If your company is like most, you’re no longer satisfied keeping all of your workloads in your own data center. Instead, you look for the best place to host each workload, based on cost and capabilities, whether you’re hosting productivity applications, database servers, or virtual desktops.
There are a variety of reasons you’d take one or another path for different IT tasks. Choosing the right hosting platform to match the needs of your compute resource is the key to building an environment that is powerful, dynamic, scalable, and cost-effective. Increasingly, enterprises are turning to a hybrid-cloud or multi-cloud solution to build out such environments. But, what is the difference between a multi-cloud and hybrid-cloud environment?
The Only Difference Between A Hybrid Cloud and Multi-Cloud Environment Is Where You Host Your Recourses
In a hybrid-cloud approach, you retain your investment in your on-premises solutions while bursting or building new workloads in a public cloud, such as Amazon Web Services, Microsoft Azure, or Google Cloud Platform. You may even use multiple public clouds, but as long as you keep your on-premises infrastructure in the mix, you’re working with a hybrid cloud.
What if you never had an on-premises VDI or hosted resource solution, or if you plan to scrap it and go entirely into the public cloud? Now, you’re potentially looking at a multi-cloud strategy, particularly if you find that utilizing multiple public cloud offerings (instead of just one) works best for you.
When to use Multi-Cloud Over Hybrid Cloud?
Simply put, different public clouds are better at different things, and have different cost structures. With that in mind, perhaps you host task workers’ desktops in one public cloud, but your GPU-intense workloads in another cloud. Analyzing and leveraging the strengths of each public cloud allows you to build an environment that maximizes your benefits. You may find mixing and matching multiple public cloud offerings will better fit the compute needs of your unique environment.
Do keep in mind that there is more to your environment than where you host your resources. If you want to build a multi-cloud, instead of a hybrid-cloud solution, the trickiest part is figuring out where to put everything else that goes into a complete hosted resource solution. You likely need authentication servers, data base servers, monitoring systems, etc. These can be in the cloud, but if you already have the solutions in-house, perhaps you want to utilize what you already have by leveraging the cloud’s capabilities to integrate with your network.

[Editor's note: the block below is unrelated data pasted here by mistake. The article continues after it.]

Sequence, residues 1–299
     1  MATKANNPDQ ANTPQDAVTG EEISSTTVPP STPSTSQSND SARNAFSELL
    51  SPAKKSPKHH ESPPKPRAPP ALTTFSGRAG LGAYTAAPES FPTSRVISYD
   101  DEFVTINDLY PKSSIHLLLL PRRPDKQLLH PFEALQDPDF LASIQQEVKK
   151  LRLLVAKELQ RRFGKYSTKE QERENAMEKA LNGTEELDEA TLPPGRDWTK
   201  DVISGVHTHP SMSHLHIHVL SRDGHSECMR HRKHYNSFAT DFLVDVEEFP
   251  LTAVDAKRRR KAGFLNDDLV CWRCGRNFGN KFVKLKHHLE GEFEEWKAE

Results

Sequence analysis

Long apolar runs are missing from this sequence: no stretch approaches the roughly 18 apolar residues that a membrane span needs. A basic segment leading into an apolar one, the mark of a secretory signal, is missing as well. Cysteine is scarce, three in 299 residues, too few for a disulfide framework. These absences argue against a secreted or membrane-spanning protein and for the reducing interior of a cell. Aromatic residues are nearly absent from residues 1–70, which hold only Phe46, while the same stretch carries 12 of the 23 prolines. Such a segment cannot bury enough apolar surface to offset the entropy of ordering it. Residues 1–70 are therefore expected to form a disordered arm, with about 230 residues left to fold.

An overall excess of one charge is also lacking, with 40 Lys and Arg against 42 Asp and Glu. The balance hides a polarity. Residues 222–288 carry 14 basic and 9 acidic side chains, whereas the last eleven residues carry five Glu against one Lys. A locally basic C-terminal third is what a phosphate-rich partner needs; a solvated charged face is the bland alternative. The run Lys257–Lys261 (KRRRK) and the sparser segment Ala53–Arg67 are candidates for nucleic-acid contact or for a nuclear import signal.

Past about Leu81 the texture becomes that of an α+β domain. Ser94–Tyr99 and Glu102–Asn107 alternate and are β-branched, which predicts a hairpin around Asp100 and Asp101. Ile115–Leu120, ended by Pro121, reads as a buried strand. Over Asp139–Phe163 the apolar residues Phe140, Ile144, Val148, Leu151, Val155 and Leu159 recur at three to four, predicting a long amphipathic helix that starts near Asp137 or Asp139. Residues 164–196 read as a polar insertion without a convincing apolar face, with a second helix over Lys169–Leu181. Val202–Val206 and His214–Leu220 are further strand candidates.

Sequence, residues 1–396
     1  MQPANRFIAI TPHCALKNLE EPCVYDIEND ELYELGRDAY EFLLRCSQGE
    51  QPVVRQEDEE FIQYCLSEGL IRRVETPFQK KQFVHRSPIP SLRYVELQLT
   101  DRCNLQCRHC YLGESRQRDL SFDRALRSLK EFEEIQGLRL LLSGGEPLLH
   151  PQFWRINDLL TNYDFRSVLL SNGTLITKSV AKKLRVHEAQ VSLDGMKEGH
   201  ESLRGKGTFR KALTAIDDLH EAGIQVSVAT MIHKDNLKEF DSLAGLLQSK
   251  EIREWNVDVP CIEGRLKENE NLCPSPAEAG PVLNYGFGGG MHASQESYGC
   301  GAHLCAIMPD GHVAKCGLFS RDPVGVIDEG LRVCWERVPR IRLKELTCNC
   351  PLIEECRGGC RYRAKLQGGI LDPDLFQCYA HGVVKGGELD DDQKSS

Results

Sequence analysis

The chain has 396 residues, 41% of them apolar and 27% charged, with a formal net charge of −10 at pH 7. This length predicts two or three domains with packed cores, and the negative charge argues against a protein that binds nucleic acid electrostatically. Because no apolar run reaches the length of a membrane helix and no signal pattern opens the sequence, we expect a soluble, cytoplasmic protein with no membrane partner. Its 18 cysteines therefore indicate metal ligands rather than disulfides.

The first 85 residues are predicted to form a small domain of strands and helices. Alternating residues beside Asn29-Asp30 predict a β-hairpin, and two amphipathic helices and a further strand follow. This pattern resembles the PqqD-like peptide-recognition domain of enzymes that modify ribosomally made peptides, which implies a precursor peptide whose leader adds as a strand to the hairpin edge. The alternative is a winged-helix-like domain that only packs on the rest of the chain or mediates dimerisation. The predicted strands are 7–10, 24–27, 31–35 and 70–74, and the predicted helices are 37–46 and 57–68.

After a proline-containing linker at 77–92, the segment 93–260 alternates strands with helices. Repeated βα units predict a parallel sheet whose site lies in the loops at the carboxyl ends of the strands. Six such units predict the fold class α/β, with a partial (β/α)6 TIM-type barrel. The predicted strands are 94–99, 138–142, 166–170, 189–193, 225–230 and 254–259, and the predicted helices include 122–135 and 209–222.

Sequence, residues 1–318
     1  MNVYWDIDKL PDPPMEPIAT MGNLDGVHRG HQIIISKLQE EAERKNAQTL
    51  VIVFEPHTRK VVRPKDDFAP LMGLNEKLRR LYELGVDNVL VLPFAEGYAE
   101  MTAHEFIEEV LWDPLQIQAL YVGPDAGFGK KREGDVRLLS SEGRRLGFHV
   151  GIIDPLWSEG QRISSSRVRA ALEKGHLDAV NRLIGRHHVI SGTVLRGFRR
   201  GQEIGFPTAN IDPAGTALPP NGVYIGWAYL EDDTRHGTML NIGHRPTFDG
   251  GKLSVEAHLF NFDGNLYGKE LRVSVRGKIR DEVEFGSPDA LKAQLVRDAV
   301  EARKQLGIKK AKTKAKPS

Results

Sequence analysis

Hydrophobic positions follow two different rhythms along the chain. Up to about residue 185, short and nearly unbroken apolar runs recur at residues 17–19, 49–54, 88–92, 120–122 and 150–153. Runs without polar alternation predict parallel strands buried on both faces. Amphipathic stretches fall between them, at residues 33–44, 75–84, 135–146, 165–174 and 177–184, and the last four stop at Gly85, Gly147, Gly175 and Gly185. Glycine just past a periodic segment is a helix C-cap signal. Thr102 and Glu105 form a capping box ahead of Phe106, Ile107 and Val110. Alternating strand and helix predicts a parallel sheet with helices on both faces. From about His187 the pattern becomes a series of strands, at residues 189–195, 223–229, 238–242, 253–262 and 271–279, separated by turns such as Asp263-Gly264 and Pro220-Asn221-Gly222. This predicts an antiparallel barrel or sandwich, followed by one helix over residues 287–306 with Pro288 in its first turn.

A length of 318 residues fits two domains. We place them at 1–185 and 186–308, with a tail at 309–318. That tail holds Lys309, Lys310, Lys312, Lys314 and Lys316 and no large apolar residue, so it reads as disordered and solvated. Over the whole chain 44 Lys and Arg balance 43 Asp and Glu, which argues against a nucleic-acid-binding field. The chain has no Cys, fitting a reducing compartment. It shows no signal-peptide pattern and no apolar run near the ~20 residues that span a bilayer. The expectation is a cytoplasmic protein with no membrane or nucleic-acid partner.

I’ll say it again, the only difference between a multi-cloud and hybrid-cloud solution should be where you host your resources
The key, whether in a multi-cloud or hybrid-cloud environment, is to never duplicate effort. You don’t want users to access different portals for different clouds, nor do you want to manage independent authentication servers or other infrastructure components. Design your architecture so, as much as possible, you can host desktops in the best cloud based on their performance requirements, while ensuring that you minimize the need to manage other infrastructure components.
That includes minimizing the tools you need to manage the desktops hosted in the different cloud environments, whether on-premises or in the public cloud. Some vendors claim that a multi-cloud solution doesn’t include orchestration, but I strongly disagree.
You should be able to manage all of your hosted resources from a single pane of glass, and users should have access to everything from a single portal. Otherwise, your exciting new cloud initiative could dissolve into sheer chaos in short order.
Whether you’re going to spread your compute resource load around multiple public clouds in a multi-cloud solution, or between the public cloud and your on-premises solution in a hybrid cloud solution, ensure that you have a single connection broker that can manage capacity in those clouds and connect users to their resources. That the key to a successful hybrid or multi-cloud strategy.